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Scam artists preying on people looking for love online

Breaking hearts is a billion dollar industry
Posted at 8:44 PM, Feb 13, 2019
and last updated 2019-02-14 22:29:30-05

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DENVER -- As Valentine's Day approaches, "sweetheart scammers" are looking to steal your money, then break your heart.

The FBI says it's a billion dollar scam that preys on the lonely. The Federal Trade Comission (FTC) says last year alone Americans lost $143 million in on-line relationship scams.

Among them is Daniel Young, a resident of Denver, who said his guitar helps soothe his broken heart.

"It was an easy target," he told Contact7 Wednesday.

The musician moved to Denver from New Mexico three years ago, after an online dating scam drained his bank account and left him singing the blues.

"She had me lured in with a beautiful long blonde hair picture. She had me hooked," said Young.

Young met Wendy Benson online. She sent him pictures and told him she lived in the U.K.

"There were times I spent four or five or six hours just texting her and writing the most beautiful romantic texts I could think of," he said.

Young read us the emails from Wendy professing her love for him.

After communicating for seven months online, he agreed to fly Wendy to Colorado. He sent her several hundred dollars for a ticket. On the day of her arrival, he waited at DIA with roses for hours. Wendy never showed. Then came a text.

She said she'd been arrested for something and was in jail and needed help getting out of jail. That's why she didn't make it. I was like, "whoa!"

Young agreed to send more money to get her out of jail.

"I kept thinking in my mind something was wrong, and yet I kept trying to believe because her messages were so strong and beautiful," he said.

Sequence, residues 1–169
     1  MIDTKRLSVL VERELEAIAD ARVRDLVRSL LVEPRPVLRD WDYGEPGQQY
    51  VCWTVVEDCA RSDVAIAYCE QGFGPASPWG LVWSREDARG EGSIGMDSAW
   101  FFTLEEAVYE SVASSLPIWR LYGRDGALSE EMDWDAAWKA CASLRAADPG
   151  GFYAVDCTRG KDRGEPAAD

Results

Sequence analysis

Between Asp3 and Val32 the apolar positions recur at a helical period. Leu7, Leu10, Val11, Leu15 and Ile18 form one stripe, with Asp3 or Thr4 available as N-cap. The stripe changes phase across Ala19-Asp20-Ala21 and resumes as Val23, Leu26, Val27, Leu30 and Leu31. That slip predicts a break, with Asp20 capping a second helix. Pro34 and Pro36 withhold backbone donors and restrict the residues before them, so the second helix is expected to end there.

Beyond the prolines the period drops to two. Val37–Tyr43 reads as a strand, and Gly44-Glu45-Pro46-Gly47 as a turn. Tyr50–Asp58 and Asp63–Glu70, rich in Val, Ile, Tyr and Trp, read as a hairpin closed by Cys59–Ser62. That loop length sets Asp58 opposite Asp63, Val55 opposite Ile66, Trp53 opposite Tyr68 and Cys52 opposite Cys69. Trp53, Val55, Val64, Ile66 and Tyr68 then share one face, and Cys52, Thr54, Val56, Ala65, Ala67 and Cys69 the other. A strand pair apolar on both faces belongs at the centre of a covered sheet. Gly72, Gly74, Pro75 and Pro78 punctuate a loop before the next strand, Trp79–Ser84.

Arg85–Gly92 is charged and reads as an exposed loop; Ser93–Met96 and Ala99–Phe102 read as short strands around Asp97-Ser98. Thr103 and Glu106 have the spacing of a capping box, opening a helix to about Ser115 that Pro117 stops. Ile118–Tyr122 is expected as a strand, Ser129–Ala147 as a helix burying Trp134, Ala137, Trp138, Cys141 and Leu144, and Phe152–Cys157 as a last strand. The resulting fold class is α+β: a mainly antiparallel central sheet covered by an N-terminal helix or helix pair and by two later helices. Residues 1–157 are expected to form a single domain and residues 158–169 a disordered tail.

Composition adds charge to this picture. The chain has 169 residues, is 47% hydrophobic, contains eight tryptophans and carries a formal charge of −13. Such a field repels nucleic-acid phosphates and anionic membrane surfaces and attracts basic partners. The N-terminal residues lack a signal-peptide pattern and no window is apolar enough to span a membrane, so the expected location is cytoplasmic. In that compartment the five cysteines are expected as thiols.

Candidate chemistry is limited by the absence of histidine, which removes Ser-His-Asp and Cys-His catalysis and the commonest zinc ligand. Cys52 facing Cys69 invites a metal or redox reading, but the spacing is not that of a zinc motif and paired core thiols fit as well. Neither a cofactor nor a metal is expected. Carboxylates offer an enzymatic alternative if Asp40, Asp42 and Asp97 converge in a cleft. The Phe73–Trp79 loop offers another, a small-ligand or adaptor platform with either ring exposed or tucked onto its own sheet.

A thousand dollars later, Young traced Wendy's email address to Nigeria. He realized there was no Wendy Benson.

"Finally, it dawned on me: I had been scammed," he said.

Young is not alone.

Special agent Vicki Anderson says in the past three years, the FBI has fielded close to 50,000 complaints.

"The dating scene has really moved to the internet, so we've seen a big rise in these romance scams," she said.

Sweetheart scams have swindled victims like Young out of more than a billion dollars. Most of the criminals come from overseas, making prosecution difficult.

Meanwhile, Young is still looking for love. He says that from now on, he plans to meet his soulmate in person.

"Just the old fashion way. I'm going to let my guitar bring them to me," he laughed.

Law enforcement recommends the following so you can avoid being the target of "sweetheart swindlers":

  1. Don't send money to someone you've only met online.
  2. Do a background check. Go to the County Clerk of Court's website to look for civil and criminal charges.
  3. Take it slow
  4. Be skeptical. If your love interest won't talk on the phone, video chat, or meet you in person, those are serious red flags.